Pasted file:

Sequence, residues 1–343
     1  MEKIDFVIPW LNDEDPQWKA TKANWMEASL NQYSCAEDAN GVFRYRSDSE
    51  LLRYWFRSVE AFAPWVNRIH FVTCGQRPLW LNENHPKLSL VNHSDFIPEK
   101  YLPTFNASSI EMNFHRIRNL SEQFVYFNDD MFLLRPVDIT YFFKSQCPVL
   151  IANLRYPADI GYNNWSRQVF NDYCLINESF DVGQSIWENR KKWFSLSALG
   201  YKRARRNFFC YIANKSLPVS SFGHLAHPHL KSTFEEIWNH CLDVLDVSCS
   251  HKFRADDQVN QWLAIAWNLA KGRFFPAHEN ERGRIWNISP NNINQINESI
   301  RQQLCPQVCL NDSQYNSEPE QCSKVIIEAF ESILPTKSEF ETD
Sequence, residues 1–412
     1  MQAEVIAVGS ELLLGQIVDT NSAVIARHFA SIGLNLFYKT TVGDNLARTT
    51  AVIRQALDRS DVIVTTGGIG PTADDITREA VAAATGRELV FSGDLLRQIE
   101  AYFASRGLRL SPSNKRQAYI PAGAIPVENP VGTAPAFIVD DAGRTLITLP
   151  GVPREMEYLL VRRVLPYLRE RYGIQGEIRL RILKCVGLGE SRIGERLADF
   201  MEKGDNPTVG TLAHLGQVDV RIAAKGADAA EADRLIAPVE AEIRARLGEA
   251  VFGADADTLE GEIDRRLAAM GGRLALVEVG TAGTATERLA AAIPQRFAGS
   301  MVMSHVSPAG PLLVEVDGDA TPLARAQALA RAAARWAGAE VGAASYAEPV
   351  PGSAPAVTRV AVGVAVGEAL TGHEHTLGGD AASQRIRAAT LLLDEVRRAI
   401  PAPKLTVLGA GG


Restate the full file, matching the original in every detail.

Sequence, residues 1–343
     1  MEKIDFVIPW LNDEDPQWKA TKANWMEASL NQYSCAEDAN GVFRYRSDSE
    51  LLRYWFRSVE AFAPWVNRIH FVTCGQRPLW LNENHPKLSL VNHSDFIPEK
   101  YLPTFNASSI EMNFHRIRNL SEQFVYFNDD MFLLRPVDIT YFFKSQCPVL
   151  IANLRYPADI GYNNWSRQVF NDYCLINESF DVGQSIWENR KKWFSLSALG
   201  YKRARRNFFC YIANKSLPVS SFGHLAHPHL KSTFEEIWNH CLDVLDVSCS
   251  HKFRADDQVN QWLAIAWNLA KGRFFPAHEN ERGRIWNISP NNINQINESI
   301  RQQLCPQVCL NDSQYNSEPE QCSKVIIEAF ESILPTKSEF ETD
Sequence, residues 1–412
     1  MQAEVIAVGS ELLLGQIVDT NSAVIARHFA SIGLNLFYKT TVGDNLARTT
    51  AVIRQALDRS DVIVTTGGIG PTADDITREA VAAATGRELV FSGDLLRQIE
   101  AYFASRGLRL SPSNKRQAYI PAGAIPVENP VGTAPAFIVD DAGRTLITLP
   151  GVPREMEYLL VRRVLPYLRE RYGIQGEIRL RILKCVGLGE SRIGERLADF
   201  MEKGDNPTVG TLAHLGQVDV RIAAKGADAA EADRLIAPVE AEIRARLGEA
   251  VFGADADTLE GEIDRRLAAM GGRLALVEVG TAGTATERLA AAIPQRFAGS
   301  MVMSHVSPAG PLLVEVDGDA TPLARAQALA RAAARWAGAE VGAASYAEPV
   351  PGSAPAVTRV AVGVAVGEAL TGHEHTLGGD AASQRIRAAT LLLDEVRRAI
   401  PAPKLTVLGA GG